Owners, purchasers and mortgagees can request access to or copies of those records us the mandatory Request for Records form.
However, section 55 (4) of the Condominium Act specifies that owners, purchasers, and mortgagees do not have a right to access records (or portions of a record) that contain:
- personal information about employees of the condominium corporation (other than an employee’s employment contract);
- records relating to current or pending legal actions, including litigation or insurance investigations; or,
- personal information about specific units or owners.
Responding to Requests
After receiving a Request for Records, condominium corporations have 30 days to respond. Condominium corporations are required to use the Board’s Response to Request for Records form to provide their response, and the response must include:
- A description of each record requested;
- An indication of if it is a core record of the corporation;
- Whether the condominium corporation will provide the requester with access to, or copies of, each record requested;
- If the requester is allowed to access a record, the fee the corporation will charge for providing access to or copies of each record requested;
- If the condominium corporation is refusing to provide access to or copies of a record, the specific provision of the Condominium Act that the corporation is relying on for the refusal; and,
- A location where the record can be accessed if no copies were requested.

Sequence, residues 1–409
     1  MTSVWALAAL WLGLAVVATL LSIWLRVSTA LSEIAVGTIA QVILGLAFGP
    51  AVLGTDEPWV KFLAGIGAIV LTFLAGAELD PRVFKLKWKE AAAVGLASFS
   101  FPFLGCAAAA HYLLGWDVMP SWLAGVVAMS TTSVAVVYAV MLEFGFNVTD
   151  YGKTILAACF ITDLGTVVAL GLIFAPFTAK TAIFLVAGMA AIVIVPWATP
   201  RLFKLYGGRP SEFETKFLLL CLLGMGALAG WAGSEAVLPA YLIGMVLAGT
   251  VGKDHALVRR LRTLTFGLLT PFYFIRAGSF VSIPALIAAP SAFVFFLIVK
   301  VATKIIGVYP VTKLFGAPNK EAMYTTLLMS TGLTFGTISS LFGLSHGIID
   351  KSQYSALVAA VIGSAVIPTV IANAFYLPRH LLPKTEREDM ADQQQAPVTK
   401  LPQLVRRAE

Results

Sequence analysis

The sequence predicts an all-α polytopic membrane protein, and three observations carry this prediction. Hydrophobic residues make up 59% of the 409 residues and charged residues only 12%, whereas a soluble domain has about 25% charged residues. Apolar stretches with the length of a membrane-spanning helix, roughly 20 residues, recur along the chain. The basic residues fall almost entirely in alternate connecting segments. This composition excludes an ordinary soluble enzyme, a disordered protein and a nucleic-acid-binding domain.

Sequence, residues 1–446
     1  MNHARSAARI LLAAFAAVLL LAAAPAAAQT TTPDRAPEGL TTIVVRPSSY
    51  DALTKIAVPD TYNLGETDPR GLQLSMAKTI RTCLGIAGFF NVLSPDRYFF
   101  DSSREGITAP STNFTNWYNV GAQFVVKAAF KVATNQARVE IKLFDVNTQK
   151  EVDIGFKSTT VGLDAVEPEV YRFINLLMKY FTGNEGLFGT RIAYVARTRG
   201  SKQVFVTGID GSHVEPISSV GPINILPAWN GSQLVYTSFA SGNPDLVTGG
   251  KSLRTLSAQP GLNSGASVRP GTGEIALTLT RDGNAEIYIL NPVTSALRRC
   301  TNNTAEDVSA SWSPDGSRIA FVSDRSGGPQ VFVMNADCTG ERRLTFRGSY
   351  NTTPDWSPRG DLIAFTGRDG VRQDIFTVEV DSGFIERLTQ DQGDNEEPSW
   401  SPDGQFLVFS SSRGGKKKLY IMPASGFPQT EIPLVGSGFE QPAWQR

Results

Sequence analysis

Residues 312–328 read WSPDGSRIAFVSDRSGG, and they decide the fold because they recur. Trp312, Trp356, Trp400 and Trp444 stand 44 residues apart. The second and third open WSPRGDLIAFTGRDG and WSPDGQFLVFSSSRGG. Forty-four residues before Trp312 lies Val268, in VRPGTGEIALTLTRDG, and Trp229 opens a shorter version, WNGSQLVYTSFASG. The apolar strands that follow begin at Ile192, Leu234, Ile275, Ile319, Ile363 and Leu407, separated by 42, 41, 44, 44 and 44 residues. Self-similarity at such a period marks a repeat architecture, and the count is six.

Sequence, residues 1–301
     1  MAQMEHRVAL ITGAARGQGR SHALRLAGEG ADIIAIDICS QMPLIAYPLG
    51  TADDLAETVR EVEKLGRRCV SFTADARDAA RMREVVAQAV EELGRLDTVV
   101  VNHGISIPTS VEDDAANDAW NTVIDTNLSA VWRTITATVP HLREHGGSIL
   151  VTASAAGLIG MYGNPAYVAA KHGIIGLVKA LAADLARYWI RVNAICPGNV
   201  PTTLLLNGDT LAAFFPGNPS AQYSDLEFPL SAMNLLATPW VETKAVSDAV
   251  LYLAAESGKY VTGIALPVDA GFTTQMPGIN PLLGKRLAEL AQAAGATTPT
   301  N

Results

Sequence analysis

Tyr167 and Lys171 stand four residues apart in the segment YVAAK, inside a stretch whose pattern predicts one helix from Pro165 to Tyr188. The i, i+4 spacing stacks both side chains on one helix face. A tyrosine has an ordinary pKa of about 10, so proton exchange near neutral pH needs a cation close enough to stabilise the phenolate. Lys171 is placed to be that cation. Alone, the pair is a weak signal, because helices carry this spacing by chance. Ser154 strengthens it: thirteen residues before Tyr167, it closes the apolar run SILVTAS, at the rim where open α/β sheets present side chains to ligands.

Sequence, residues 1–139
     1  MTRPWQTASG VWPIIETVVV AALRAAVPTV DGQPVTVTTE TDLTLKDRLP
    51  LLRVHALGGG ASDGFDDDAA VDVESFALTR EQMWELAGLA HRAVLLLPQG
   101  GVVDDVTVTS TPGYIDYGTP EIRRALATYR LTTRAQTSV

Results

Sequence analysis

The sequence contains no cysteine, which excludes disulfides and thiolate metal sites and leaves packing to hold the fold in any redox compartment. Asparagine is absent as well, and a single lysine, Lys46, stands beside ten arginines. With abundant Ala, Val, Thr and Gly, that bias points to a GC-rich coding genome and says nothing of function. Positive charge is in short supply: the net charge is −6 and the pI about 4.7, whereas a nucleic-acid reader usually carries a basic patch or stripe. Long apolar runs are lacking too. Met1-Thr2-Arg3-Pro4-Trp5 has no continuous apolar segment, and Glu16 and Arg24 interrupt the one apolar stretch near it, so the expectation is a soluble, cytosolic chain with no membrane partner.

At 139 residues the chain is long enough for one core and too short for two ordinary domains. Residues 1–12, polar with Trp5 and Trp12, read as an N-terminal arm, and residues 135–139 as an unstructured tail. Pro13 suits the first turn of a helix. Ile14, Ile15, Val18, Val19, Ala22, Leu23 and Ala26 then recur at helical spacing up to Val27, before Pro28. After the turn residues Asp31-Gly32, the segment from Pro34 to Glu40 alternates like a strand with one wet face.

Condominium corporations are also allowed to charge a fee to provide the requested records.
If the request was for core records:
- Condominium corporations can only charge requesters a limited fee for copies of or access to or core records.
- If a requester asks for a paper copy of a core record, the condominium corporation can only charge a maximum of 20¢ per page.
- If a requester asks for an electronic copy of a core record but the condominium corporation does not keep that record electronically, the condominium corporation can provide a paper copy but must provide the records at no cost. That means they cannot charge any costs, even for printing and photocopying.
If the request was for non-core records:
- Condominium corporations can charge requesters a fee to access / for copies of the requested records. This fee must represent a reasonable estimate of the labour, photocopying / printing (20¢ per page max), and delivery costs the condominium corporation expects to incur when providing the records in their requested format.